It’s now one month until Christmas Day.
So have you prepared your plans?
I don’t mean the food and the presents, but your plans on how to manage Christmas expectations and emotions.
After last year’s Christmas Day, how did you answer the popular question, “How was your Christmas?”
Did you smile sweetly and say, “Oh, lovely thanks! The 57 of us in our extended family had a marvellous time!”
Or did you open the family closet and explain that it would have been a wonderful family Christmas except that Grandpa, who has dementia, was home from the hostel for Christmas but he disappeared late Christmas morning, so you spent an hour walking the streets looking for him?
And add that your brother-in-law Jack arrived well-primed already for Christmas lunch, imbibed a few more glasses and decided to tell his mother-in-law what he really thought of her? And that your youngest sister turned up with her new boyfriend who has multiple body piercings and a groovy No. 1 buzz cut, and introduced him as her fiancé?
While the above picture is a work of fiction, there are bound to be elements you can identify with, and it’s always easier to laugh at things that haven’t quite gone as planned once the day is over.
Many families experience difficult issues around Christmas, because it might be the one time in the year when the family gets together, and they have spent the past 11 months avoiding dealing with issues that might surface on the big day.
If this strikes a chord, then you have a month to plan how you can make Christmas Day work for everyone.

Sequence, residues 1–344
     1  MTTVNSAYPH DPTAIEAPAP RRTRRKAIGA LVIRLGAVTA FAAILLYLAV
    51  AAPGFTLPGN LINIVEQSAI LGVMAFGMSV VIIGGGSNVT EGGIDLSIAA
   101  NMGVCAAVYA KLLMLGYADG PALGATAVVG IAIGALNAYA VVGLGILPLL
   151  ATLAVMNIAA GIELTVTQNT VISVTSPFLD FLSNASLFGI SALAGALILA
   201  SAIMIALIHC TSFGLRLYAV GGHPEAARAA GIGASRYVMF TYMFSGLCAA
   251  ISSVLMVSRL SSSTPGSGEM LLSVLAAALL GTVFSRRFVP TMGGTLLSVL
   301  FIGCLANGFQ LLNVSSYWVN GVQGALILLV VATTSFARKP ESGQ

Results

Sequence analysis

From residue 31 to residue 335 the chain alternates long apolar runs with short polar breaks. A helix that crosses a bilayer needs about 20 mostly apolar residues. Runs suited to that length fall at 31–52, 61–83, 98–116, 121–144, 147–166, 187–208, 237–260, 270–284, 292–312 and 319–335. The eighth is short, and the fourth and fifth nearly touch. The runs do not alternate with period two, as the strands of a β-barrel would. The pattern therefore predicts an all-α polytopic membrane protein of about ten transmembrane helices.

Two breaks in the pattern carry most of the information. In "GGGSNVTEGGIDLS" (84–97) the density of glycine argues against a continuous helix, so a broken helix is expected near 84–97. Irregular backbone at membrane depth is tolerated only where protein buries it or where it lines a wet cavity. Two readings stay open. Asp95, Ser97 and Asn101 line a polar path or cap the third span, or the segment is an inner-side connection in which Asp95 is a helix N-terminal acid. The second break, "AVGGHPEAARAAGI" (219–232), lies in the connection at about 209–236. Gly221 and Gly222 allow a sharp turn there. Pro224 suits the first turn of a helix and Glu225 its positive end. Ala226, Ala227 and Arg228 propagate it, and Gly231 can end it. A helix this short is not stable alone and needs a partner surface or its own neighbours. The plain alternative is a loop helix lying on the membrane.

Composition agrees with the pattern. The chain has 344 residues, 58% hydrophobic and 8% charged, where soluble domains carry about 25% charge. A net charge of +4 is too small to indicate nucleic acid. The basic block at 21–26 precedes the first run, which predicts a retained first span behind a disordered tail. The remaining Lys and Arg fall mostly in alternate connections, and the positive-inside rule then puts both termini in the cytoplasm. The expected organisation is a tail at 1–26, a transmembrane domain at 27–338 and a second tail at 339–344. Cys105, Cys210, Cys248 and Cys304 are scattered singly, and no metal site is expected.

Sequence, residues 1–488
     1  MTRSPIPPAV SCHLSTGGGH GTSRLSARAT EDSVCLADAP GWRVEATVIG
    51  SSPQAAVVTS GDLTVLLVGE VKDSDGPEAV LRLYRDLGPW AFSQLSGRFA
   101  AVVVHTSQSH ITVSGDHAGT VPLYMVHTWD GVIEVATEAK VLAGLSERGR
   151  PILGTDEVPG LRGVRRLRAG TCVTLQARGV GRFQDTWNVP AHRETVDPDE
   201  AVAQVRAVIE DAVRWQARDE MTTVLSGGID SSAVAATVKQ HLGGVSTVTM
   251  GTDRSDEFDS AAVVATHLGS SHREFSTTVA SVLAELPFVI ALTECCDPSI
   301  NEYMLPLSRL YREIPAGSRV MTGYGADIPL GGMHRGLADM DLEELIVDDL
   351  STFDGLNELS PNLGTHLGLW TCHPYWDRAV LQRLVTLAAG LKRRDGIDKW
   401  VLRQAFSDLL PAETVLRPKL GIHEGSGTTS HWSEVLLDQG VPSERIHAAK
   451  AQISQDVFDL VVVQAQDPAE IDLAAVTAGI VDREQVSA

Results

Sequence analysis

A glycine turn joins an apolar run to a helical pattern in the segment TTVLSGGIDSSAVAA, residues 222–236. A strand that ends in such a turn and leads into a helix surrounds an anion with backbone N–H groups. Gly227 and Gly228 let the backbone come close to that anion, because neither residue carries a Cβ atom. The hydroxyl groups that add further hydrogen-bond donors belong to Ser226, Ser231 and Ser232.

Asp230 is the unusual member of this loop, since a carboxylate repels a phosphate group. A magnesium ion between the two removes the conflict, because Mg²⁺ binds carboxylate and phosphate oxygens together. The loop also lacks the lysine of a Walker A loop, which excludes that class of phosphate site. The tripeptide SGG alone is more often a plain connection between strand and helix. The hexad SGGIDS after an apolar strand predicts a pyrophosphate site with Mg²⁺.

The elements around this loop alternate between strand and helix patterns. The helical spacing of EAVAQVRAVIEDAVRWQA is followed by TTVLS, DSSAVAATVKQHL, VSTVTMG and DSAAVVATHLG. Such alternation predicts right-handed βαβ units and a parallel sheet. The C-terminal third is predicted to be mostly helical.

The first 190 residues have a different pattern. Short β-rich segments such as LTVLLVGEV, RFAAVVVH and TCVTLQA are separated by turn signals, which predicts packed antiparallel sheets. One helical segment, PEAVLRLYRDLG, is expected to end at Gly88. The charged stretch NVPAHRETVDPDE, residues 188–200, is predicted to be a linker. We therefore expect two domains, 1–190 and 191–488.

Think about what it is that makes you feel concerned when you all get together. There are often a couple of people who tend to be stirrers, who put everyone on edge. Explain to them that you get rather anxious and distressed about whether Christmas is going to be smooth sailing, because history tells you something might go wrong.
Ask them what you can all do better, because that is a way of sharing the responsibility for making the best of the day, rather than blaming someone for it going wrong.
If you have someone in the family whose behaviour is unusual and disruptive through no fault of their own (such as the grandpa above) you can’t really get them to change their behaviour, but discuss with the family some possible strategies to cope with the unexpected.
Talk to the responsible members of the family and agree that Christmas Day is only for a few hours, so could you all try to make the day as calm and happy as possible? On Boxing Day you can all relax and do what you want.
If Christmas lunch takes the whole afternoon, plan some activities that will help the day pass. A walk around the block between main course and pudding, or a game of backyard cricket afterwards for the younger family members while the seniors are having a little power nap over tea and Christmas cake, are great ways to defuse tension.
If you don’t build up the day into an impossible fantasy, you will find that you can enjoy it much more. And don’t forget the reason we have Christmas, to celebrate the marvellous gift God gave us with the birth of Jesus.
So start planning now for a happy 2017 Christmas Day—you have 29 sleeps to do it!